Ancient northern Anglo-Saxon kingdom. It stretched northward from perhaps as far south as the River Tees, ultimately reaching the Firth of Forth. By the end of the 7th century AD it had united with its neighbour Deira to form the kingdom of Northumbria. It had a royal residence at coastal Bamburgh. The first recorded king, Ida, was crowned there in 547; his grandson Aethelfrith (r. 593–616) united Bernicia and Deira.
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The Anglian territory of Bernicia was approximately equivalent to the modern British counties of Northumberland, Durham, Berwickshire and East Lothian, stretching from the Forth to the Tees. In the early 7th century, it merged with its southern neighbour, Deira, to form the kingdom of Northumbria and its borders subsequently expanded considerably.
This Brythonic kingdom was formed from what had once been the southern lands of the Votadini, possibly as part of the division of a supposed ‘great northern realm’ of Coel Hen in c. AD 420. This northern realm is referred to by Welsh scholars as Yr Hen Ogledd or, literally, "The Old North". The kingdom may have been ruled from the site that later became the English Bamburgh, which certainly features in Welsh sources as Din Guardi. Near this high-status residence lay the island of Lindisfarne (formerly known, in Welsh, as Ynys Metcaut), which became the seat of the Bernician bishops. It is unknown when the Angles finally conquered the whole region, but around 604 is likely.
Some of the Angles of Bernicia (Old English: Beornice) may have been employed as mercenaries along Hadrian's Wall during the late Roman period. Others are thought to have migrated north (by sea) from Deira (O.E: Derenrice or Dere) The first Anglian king of whom we have any record is Ida, who is said to have obtained the throne and the kingdom about 547. His sons spent many years fighting a united force from the surrounding Brythonic kingdoms until their alliance collapsed into civil war.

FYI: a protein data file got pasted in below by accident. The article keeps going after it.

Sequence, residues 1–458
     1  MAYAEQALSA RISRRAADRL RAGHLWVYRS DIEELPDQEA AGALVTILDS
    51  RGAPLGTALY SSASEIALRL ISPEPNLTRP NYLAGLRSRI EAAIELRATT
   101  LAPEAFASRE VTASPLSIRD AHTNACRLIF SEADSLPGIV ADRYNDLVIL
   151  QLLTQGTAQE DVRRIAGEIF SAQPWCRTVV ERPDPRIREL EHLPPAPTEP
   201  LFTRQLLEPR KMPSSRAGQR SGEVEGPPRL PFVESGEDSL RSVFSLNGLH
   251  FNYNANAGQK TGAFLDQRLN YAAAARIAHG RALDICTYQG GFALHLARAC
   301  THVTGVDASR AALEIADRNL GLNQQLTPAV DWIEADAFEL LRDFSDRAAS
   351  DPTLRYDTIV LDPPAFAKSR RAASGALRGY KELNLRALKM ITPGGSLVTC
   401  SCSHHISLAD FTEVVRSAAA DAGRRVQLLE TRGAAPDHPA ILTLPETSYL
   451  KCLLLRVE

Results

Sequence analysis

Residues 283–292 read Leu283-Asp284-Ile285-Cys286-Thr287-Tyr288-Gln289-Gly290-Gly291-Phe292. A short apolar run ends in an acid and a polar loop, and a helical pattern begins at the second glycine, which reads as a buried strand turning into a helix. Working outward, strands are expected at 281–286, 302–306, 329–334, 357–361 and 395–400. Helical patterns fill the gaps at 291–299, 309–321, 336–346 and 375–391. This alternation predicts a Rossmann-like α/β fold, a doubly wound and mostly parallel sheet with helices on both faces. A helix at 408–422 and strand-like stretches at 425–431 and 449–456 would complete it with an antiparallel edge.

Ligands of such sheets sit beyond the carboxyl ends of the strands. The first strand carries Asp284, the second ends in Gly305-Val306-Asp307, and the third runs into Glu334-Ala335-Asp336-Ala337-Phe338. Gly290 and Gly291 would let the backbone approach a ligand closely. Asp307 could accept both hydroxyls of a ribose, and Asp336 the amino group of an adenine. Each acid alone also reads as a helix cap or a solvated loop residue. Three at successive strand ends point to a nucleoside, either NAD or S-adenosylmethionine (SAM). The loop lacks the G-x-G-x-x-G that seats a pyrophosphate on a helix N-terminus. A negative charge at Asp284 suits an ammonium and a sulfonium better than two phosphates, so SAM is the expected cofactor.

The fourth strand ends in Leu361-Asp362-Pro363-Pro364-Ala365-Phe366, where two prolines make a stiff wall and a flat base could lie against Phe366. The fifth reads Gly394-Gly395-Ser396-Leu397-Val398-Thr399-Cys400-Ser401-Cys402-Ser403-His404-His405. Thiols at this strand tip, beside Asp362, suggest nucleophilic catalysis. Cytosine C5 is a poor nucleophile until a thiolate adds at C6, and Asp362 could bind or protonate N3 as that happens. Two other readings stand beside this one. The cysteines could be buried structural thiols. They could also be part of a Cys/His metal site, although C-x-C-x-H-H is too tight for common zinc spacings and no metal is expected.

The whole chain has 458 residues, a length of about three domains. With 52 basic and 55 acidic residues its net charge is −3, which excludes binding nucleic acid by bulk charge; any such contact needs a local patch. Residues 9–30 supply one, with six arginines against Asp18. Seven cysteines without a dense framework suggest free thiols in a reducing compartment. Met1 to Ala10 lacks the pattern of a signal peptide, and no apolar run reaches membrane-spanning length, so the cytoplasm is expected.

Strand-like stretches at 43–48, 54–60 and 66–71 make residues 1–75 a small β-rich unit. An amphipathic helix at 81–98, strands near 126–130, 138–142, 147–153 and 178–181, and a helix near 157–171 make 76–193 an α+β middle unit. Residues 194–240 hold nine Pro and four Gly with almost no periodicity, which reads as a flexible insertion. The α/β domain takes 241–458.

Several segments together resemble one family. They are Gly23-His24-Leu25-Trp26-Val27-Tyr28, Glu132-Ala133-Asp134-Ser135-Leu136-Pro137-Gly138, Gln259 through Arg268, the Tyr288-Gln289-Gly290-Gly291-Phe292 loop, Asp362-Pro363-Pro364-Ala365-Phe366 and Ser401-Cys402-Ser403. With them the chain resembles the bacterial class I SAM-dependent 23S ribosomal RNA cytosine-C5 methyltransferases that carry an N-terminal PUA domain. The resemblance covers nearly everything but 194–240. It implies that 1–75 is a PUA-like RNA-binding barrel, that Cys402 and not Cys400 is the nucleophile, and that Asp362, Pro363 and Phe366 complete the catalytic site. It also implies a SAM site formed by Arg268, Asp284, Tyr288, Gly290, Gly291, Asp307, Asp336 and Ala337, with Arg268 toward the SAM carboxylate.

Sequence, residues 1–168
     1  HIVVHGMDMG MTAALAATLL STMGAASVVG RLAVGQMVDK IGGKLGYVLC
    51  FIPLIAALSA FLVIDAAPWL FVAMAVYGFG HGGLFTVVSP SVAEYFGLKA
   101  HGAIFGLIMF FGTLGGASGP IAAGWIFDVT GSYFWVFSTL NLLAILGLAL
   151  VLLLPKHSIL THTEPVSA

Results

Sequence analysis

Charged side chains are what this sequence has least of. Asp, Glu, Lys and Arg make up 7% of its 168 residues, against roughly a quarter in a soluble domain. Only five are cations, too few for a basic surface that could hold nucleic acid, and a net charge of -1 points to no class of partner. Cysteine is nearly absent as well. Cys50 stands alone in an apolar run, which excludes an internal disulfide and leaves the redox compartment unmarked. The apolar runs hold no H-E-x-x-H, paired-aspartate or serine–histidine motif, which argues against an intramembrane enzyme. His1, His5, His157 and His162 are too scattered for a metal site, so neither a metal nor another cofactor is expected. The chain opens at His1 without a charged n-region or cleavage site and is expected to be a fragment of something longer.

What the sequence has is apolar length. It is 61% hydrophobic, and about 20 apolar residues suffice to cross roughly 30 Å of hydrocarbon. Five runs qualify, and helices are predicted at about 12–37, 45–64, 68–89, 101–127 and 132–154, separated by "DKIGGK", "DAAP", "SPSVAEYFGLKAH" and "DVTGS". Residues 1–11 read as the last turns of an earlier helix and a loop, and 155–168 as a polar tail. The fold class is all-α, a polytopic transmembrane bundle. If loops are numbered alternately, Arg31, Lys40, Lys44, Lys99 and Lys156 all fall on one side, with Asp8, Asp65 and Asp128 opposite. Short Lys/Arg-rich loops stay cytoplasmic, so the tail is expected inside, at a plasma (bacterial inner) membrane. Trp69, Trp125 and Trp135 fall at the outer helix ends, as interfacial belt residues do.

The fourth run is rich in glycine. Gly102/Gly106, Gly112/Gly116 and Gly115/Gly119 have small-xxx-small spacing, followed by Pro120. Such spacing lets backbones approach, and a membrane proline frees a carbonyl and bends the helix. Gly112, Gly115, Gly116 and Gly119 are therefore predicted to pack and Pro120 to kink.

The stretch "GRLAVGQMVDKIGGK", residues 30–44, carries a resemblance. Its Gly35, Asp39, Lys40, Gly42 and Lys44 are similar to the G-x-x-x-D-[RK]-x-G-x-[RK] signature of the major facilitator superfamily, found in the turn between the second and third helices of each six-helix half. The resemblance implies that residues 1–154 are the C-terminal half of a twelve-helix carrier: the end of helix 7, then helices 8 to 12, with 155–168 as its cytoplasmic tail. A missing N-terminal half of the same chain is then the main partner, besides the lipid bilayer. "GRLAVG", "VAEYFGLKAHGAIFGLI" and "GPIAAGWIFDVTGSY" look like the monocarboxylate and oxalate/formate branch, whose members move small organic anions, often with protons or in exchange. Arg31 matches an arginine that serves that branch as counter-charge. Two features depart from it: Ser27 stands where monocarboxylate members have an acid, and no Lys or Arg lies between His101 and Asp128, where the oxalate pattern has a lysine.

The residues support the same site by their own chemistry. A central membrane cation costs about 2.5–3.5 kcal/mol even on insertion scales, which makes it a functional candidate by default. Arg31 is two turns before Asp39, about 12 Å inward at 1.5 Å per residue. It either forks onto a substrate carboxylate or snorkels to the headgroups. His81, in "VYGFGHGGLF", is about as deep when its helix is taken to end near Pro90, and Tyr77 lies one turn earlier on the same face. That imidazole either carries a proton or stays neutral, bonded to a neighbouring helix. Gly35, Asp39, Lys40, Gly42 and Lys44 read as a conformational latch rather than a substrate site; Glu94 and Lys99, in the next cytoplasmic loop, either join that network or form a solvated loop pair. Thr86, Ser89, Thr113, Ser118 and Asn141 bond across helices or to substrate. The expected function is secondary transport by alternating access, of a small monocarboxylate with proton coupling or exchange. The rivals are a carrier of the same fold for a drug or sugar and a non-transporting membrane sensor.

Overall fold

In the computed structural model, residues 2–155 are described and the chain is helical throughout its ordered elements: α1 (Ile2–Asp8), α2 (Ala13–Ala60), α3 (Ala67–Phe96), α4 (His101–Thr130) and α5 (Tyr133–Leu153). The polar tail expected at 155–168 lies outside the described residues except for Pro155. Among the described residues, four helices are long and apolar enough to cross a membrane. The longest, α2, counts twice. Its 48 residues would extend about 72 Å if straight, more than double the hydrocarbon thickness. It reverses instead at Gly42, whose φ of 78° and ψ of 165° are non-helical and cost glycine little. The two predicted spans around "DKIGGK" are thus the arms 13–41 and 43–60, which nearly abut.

Ida’s grandson, Æthelfrith (Æðelfriþ), united Deira with his own kingdom by force around the year 604. He ruled the two kingdoms (united as Northumbria) until he was defeated and killed by Rædwald of East Anglia (who had given refuge to Edwin, son of Ælle, king of Deira) around the year 616. Edwin then became king. The early part of Edwin's reign was possibly spent finishing off the remaining resistance coming from Bryneich exiles operating out of Gododdin. After he had defeated the remaining Brythonic population of Bryneich he was then drawn towards similar subjugation of Elmet (a Cumbric speaking territory which once existed in the modern-day West Riding of Yorkshire, near Leeds) which drew him into direct conflict with Wales proper.
Following the disastrous Battle of Hatfield Chase on 12 October, 633, in which Edwin was defeated and killed by Cadwallon ap Cadfan of Gwynedd and Penda of Mercia, Northumbria again was divided into Bernicia and Deira. Bernicia was then briefly ruled by Eanfrith, son of Aethelfrith, but after about a year he went to Cadwallon to sue for peace and was killed. Eanfrith's brother Oswald then raised an army and finally defeated Cadwallon at the Battle of Heavenfield in 634. After this victory, Oswald appears to have been recognised by both Bernicians and Deirans as king of a properly united Northumbria. The kings of Bernicia were thereafter supreme in that kingdom, although Deira had its own sub-kings at times during the reigns of Oswiu and his son Ecgfrith.
Under Deiran rule 616 - 633)